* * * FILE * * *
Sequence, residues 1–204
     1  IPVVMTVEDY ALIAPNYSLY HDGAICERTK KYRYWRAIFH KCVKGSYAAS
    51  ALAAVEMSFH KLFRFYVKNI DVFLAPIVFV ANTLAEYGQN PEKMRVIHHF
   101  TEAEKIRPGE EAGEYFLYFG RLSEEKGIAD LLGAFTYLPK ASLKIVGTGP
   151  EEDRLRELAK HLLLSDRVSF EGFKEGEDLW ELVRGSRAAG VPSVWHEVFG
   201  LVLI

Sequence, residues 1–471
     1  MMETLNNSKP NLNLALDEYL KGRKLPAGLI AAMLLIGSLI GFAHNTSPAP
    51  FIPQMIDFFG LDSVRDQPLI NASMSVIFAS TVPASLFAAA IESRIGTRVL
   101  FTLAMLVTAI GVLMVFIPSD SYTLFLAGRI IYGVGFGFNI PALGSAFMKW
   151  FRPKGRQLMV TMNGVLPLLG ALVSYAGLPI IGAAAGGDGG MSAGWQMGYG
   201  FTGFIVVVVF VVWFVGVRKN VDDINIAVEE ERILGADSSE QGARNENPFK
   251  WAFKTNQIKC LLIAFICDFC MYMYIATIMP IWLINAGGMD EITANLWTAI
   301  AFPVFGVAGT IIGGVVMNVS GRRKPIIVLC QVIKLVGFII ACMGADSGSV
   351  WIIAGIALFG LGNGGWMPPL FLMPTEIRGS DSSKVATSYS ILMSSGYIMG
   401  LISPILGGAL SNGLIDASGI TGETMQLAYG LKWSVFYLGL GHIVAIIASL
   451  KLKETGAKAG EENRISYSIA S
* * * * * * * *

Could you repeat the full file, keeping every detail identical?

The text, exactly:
Sequence, residues 1–204
     1  IPVVMTVEDY ALIAPNYSLY HDGAICERTK KYRYWRAIFH KCVKGSYAAS
    51  ALAAVEMSFH KLFRFYVKNI DVFLAPIVFV ANTLAEYGQN PEKMRVIHHF
   101  TEAEKIRPGE EAGEYFLYFG RLSEEKGIAD LLGAFTYLPK ASLKIVGTGP
   151  EEDRLRELAK HLLLSDRVSF EGFKEGEDLW ELVRGSRAAG VPSVWHEVFG
   201  LVLI

Sequence, residues 1–471
     1  MMETLNNSKP NLNLALDEYL KGRKLPAGLI AAMLLIGSLI GFAHNTSPAP
    51  FIPQMIDFFG LDSVRDQPLI NASMSVIFAS TVPASLFAAA IESRIGTRVL
   101  FTLAMLVTAI GVLMVFIPSD SYTLFLAGRI IYGVGFGFNI PALGSAFMKW
   151  FRPKGRQLMV TMNGVLPLLG ALVSYAGLPI IGAAAGGDGG MSAGWQMGYG
   201  FTGFIVVVVF VVWFVGVRKN VDDINIAVEE ERILGADSSE QGARNENPFK
   251  WAFKTNQIKC LLIAFICDFC MYMYIATIMP IWLINAGGMD EITANLWTAI
   301  AFPVFGVAGT IIGGVVMNVS GRRKPIIVLC QVIKLVGFII ACMGADSGSV
   351  WIIAGIALFG LGNGGWMPPL FLMPTEIRGS DSSKVATSYS ILMSSGYIMG
   401  LISPILGGAL SNGLIDASGI TGETMQLAYG LKWSVFYLGL GHIVAIIASL
   451  KLKETGAKAG EENRISYSIA S